Marmot cries give insights to human personalities
June 19, 2010
SUMMIT COUNTY, Colorado – Among all of Summit County’s wildlife, the yellow-bellied marmot may be the noisiest. Anyone who has hiked through their high-alpine habitat has likely heard the marmots’ chorus of chirps and whistles as they alert each other to the presence of a potential predator.
While all that vocalization may not seem terribly complicated to the human ear, each chirp contains a wealth of information about the caller for other marmots.
Dr. Dan Blumstein, a biologist from UCLA, has devoted much of his professional life to studying the calls of Colorado’s marmots. Through his work, he has been able to decode the rodents’ alarm calls to determine the age and sex of the caller. He has even been able to uncover what an individual marmot’s alarm call says about its “personality.”
At the simplest level, a marmot’s response to an alarm call involves looking up and fleeing. But each alarm call communicates not only the presence of a potential threat, but also the level of the threat. A high-risk call from a given marmot tells others to “drop everything,” Blumstein said. A low-risk call communicates, “Maybe look around, and figure out what’s going on.”
Interestingly, Blumstein has found that marmots do not assess risk uniformly. Just as with humans, there are laid-back individuals as well as nervous worry warts. And marmots learn to identify who’s who, learn their alarm call and react accordingly.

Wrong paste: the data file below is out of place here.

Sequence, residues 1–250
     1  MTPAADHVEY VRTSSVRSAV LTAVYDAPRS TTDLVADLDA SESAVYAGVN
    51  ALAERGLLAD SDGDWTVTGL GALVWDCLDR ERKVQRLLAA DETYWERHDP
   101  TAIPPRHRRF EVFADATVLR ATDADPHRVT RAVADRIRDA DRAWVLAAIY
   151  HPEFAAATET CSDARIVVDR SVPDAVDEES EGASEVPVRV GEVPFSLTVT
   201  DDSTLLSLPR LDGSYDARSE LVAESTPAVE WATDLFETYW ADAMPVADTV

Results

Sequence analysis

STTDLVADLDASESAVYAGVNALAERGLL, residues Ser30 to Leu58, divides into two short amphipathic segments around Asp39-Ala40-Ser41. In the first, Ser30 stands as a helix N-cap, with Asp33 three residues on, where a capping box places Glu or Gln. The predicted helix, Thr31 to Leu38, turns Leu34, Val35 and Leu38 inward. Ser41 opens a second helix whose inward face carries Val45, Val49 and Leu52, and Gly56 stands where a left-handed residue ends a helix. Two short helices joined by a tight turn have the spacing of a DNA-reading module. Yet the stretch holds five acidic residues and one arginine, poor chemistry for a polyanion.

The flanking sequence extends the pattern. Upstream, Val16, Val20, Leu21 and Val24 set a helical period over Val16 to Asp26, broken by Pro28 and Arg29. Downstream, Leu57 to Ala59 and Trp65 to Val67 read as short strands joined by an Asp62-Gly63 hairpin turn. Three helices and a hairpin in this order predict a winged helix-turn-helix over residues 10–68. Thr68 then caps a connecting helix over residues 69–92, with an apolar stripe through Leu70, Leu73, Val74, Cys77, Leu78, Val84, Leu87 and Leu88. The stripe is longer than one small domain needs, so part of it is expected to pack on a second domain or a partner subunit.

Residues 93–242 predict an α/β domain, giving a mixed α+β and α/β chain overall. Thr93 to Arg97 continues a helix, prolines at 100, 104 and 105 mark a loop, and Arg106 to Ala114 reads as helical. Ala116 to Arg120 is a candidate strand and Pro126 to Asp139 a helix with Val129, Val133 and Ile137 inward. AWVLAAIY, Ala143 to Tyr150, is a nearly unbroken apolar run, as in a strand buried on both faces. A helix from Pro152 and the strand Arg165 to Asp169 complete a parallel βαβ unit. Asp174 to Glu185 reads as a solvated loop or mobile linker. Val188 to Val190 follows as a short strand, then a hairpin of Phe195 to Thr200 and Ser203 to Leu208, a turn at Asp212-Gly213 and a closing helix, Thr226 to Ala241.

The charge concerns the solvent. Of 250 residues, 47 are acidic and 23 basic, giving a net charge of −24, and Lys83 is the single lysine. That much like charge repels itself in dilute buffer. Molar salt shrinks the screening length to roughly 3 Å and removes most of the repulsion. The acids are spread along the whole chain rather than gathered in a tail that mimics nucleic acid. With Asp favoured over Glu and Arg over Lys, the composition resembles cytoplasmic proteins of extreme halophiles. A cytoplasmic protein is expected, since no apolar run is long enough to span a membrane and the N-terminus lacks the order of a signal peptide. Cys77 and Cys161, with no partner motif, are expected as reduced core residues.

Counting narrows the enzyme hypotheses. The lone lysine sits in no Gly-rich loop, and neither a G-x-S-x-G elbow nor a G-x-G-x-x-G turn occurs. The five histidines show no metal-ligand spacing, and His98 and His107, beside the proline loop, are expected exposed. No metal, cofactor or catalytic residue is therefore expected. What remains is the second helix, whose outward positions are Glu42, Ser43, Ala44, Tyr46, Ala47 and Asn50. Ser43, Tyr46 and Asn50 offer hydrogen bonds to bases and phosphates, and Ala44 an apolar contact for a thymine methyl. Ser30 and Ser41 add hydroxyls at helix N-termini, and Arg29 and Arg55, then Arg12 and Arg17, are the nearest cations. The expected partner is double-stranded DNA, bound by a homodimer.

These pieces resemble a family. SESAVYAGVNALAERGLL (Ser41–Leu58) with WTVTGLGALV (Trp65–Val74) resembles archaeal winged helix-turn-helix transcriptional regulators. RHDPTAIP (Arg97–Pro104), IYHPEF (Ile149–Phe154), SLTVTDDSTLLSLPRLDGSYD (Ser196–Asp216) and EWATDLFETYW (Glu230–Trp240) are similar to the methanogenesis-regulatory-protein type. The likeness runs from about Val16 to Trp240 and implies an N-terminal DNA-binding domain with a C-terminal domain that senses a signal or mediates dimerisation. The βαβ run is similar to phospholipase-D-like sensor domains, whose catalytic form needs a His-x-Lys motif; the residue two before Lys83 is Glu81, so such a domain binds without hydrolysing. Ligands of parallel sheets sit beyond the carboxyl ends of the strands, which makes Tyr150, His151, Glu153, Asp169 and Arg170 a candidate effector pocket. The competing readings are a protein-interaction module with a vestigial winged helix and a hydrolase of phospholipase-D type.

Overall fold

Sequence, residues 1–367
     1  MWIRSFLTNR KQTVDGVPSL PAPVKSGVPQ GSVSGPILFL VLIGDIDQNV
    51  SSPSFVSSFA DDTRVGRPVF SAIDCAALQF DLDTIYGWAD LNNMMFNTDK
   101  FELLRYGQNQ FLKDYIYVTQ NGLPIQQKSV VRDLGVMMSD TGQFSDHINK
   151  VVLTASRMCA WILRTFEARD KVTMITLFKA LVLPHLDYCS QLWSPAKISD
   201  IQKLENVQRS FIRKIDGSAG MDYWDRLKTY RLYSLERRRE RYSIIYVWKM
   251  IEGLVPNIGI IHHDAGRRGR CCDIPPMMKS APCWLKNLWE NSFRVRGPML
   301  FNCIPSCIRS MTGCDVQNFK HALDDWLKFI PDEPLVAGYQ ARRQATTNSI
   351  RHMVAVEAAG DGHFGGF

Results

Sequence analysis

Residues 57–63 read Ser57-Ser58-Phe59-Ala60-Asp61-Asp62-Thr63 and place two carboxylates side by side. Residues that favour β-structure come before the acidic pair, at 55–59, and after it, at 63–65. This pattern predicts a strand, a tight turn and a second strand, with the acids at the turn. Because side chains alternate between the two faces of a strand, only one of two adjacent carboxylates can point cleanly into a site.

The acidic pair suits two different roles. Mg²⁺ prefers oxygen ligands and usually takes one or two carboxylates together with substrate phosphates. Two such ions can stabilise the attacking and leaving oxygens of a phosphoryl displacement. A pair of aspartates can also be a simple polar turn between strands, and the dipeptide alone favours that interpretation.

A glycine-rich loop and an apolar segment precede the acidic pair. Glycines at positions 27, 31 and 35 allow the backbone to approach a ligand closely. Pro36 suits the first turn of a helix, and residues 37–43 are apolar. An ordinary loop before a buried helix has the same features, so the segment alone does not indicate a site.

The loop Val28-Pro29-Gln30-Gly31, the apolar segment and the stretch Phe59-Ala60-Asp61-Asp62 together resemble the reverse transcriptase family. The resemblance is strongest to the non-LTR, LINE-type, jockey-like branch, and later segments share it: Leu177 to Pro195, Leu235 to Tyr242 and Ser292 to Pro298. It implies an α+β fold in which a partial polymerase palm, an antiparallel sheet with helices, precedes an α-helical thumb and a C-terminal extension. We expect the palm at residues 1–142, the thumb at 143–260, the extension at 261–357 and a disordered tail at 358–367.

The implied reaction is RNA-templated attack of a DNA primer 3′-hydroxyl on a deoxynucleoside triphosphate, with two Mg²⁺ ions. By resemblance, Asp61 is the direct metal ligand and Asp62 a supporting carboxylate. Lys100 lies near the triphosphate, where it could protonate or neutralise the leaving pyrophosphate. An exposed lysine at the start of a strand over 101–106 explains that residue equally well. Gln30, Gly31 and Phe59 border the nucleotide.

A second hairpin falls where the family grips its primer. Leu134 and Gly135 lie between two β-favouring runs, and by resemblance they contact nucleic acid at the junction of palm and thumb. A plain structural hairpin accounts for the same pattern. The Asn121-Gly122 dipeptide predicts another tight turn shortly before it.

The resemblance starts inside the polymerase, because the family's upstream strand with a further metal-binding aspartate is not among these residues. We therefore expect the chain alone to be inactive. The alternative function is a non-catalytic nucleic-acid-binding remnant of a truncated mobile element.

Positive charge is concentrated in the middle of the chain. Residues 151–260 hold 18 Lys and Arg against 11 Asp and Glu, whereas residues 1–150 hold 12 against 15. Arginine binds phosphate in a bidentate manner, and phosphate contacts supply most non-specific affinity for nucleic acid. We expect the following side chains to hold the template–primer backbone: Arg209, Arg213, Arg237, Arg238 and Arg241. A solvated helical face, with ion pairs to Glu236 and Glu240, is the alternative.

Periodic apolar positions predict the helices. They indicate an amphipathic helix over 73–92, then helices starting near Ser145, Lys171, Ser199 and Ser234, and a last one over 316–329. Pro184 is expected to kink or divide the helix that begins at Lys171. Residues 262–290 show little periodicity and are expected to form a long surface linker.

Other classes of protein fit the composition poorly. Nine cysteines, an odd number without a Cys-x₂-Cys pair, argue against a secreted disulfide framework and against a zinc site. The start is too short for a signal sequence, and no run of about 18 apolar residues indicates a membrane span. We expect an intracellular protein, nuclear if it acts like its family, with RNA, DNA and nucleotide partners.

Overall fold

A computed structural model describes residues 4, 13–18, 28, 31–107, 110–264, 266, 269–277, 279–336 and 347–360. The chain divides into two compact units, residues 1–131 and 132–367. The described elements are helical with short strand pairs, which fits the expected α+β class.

“This species seems to not trust unreliable individuals,” Blumstein said. “Marmots spend more time looking around when they hear from those unreliable individuals.”
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These observations afford insights into behavioral diversity within species beyond the marmot. The research gets at the question of why we have personalities: Why are there bold people? Why are there shy people? What is the survival advantage of having different individuals behave differently in a given situation or environment?
“We’re using marmots to understand why personality differences can be maintained in populations,” Blumstein said.
Having a diversity of behavior among individuals can better position a species to adapt to changes in its environment. For example, a marmot population may not be well served by a high proportion of nervous nellies when a predator population is low. But when the predator rebounds, it could be good to have all those more vigilant individuals around.
“In some areas, animals will behave a certain way, and in another way in other areas. People behave differently in big cities than in the country. There are benefits and costs to behaving different ways – doing one thing in one time and another thing in another time,” Blumstein said.
Blumstein has taken this line of thinking into the movie theater, of all places. Fearful vocalizations are very similar across species. From a marmot pup to a dog to a human, horrible screams accompany fear. The acoustic structure of those screams are very chaotic, nonlinear and unpredictable.
“I elaborated a hypothesis that scary films should use nonlinearity to evoke those fear responses,” Blumstein said.
Sure enough, it turns out that horror films feature such nonlinear, chaotic sounds not only in human screams, but also in sound effects and sound tracks.
“It seems that our response is a very common mammalian trait when we get scared,” Blumstein said.